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Fifteen Years Later: Villarreal Redux

By Jesús Aguado

With the motto “with the people everything, without them nothing,” Luis Alberto Villarreal began his mayoral campaign on April 29 of this year. Just a couple of months later, on July 5, he received the official election certificate that acknowledges him as mayor-elect for the 2018-2021 term.

This will not be Villarreal’s first time in the mayor’s seat. He was previously elected San Miguel de Allende’s mayor in 2003.

On Sunday, July 1, 62,231 people voted in San Miguel de Allende. The voter rolls consist of 128,405 registered voters. Villarreal, who was a PAN party candidate, won the election with 23,951 votes (217 less than his brother, in 2015, Ricardo Villarreal). The remaining 38,280 voters cast their ballots for other candidates or cancelled their voting forms. The votes are broken down in a chart at the end of this article.

The election concluded on Sunday, July 1 at 6pm. That day, Villarreal—based on some exit polls—declared himself the winner at 6:30pm. Four hours later, he addressed his supporters at 10:30pm, around the time when the first ballot boxes began arriving at the Instituto Nacional Electoral (National Electoral Institute), known as INE, on the Libramiento Manuel Zavala.

The electoral council declared a recess on July 2 at around noon. President Cecilia González told Atención that eight of the ballot boxes presented inconsistences—they did not have their electoral reporting form with the final results affixed to the outside but placed inside along with the votes. (Those boxes were opened on July 4, when the electoral council reconvened.)

Representatives of parties like MORENA and SOMOS asked the council to do a recount of all 223 electoral reporting forms. The council agreed.

Elected Mayor Villarreal and his followers started arriving at the INE offices at 6pm, because at that time “allegedly” he would receive the certificate as elected mayor. The national president of the party PAN Marcelo Torres Cofiño accompanied Villarreal and said, “in the PAN we are very happy because the Best City in the World will have the best mayor of Mexico.” After that speech, Villarreal repeated his campaign motto, and fireworks were then set off.

While that was happening outside, the electoral council continued their work counting ballots. At around 10pm, Luis Alberto Villarreal left with his team and said, “We will come back later.”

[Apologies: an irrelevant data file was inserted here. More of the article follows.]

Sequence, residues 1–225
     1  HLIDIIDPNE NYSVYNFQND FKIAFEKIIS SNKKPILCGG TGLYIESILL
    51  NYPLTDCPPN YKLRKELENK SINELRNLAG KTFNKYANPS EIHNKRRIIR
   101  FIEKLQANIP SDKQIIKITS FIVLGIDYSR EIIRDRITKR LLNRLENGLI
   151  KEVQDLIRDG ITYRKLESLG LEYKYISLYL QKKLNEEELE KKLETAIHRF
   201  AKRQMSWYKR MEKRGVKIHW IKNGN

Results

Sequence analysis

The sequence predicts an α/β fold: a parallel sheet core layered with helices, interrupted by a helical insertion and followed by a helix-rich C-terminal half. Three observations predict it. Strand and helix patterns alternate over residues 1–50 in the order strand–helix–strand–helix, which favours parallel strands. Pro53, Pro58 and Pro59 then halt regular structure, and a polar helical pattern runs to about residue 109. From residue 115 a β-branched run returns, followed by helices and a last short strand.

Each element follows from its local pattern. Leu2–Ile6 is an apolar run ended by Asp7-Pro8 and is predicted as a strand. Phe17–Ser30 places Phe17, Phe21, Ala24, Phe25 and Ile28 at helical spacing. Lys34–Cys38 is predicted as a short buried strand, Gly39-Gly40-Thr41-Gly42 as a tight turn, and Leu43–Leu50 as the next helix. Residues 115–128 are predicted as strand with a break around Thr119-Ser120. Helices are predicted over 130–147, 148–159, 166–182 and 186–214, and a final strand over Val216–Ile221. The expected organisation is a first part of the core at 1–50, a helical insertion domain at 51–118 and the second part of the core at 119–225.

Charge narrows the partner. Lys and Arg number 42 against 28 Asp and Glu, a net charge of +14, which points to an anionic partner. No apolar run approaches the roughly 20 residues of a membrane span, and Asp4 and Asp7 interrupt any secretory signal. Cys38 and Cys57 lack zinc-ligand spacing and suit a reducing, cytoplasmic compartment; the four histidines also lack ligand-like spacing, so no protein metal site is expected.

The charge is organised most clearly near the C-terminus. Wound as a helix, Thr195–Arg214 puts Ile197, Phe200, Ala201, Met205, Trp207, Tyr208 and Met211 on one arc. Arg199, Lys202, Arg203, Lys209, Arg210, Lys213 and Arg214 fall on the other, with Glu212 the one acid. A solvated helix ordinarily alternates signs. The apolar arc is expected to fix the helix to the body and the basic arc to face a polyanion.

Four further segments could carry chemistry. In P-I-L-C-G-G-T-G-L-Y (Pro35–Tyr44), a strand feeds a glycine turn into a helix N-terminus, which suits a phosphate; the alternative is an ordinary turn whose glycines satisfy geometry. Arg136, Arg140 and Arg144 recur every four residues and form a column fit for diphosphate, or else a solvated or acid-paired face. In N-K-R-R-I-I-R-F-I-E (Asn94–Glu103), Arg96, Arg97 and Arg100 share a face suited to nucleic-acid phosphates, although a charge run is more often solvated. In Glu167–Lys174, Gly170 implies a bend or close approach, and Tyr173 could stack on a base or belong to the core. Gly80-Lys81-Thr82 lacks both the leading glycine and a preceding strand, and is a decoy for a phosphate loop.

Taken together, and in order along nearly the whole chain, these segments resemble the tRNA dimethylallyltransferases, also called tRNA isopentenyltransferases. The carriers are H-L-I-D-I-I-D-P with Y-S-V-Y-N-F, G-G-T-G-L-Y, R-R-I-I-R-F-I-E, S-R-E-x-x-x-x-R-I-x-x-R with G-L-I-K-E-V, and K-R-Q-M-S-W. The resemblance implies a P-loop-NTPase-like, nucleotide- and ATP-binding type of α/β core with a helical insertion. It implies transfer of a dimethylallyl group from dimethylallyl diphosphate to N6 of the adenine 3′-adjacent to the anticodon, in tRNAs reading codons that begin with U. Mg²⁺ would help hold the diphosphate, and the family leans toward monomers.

At 10:30pm that day, the election council declared a recess because they noticed that there were six electoral reporting forms with results from polling sites, but the boxes with the votes that went with them, as well as other associated material, were missing. Officials believed that the missing materials where simply misplaced somewhere in one of the federal or state election offices. They were later found, and a recess was declared at midnight. Finally, the results were published the next day, and the certificate to acknowledge Villarreal as San Miguel de Allende’s new mayor-elect was handed out.

Years, Candidates, and Numbers

In 2003, when Luis Alberto Villarreal previously won the mayoral seat, it was a much tighter race. Out of a total of 41,358 people who voted, 16,604 gave Villarreal their votes while 15,450 people voted for Villarreal’s closest contender, Manuel Rosas, a PRD/PR coalition candidate. Don Luis Ferro de la Sota, who had been mayor of San Miguel twice already at the time, ran with the PRI party and received only 5,781 votes.

The PAN party, which emphasizes conservative economic and social ideas, has had a mostly firm grip on the city’s politics for several years: The PAN party ruled San Miguel from 1997 until 2009, until, after 12 years of PAN rule, Luz María Núñez Flores emerged as the “citizens’ candidate,” running under the umbrella of three parties (PRI, PVE and PRD). She won that election with 27,553 votes out of a total of 50,816 votes cast. PRI voters gave her 12,451 votes, PRD voters 10,947, and PVE voters 3,495. Her closest contender, PAN candidate Cristóbal Franyuti, got 9,000 fewer votes than Núñez.

In the 2012 election, PRI/PV coalition candidate Mauricio Trejo won the mayoral race with 29,323 votes. PAN party candidate (and the new mayor-elect’s brother) Ricardo Villarreal received 24,168 votes, surpassing the PRI party, which garnered 16,173 votes.


Final Votes

National Action Party (PAN) 23,951

Revolutionary Institutional Party (PRI) 6,650

Party of the Democratic Revolution (PRD) 1,574

Green Party (PVEM) 2,604

Work Party (PT) 1,684

Citizens’ Movement (PMC) 698

New Alliance (PANAL) 2,711

Movement of National Regeneration (MORENA) 12,598

Social Encounter (PES)

SOMOS 4,373

Better Times for San Miguel 1,550

Nonregistered Candidates 105

Cancelled Votes 2,571

Total 62,231


Elected City Council

Mayor, Luis Alberto Villarreal García

Assistant Mayor, Verónica Agundis Estrada

City Councillor, PAN, Felipe Tapia Campos

City Councillor, PAN, Luz María Gutiérrez

City Councillor, PAN, Pável Hernández

City Councillor, PAN, Patricia Villa

City Councillor, PRI, María Elena Vázquez

City Councillor, Partido Verde, Alan Romo

City Councillor, PANAL, Humberto Campos

City Councillor, MORENA, Cristóbal Olvera

City Councillor, MORENA, Laura González


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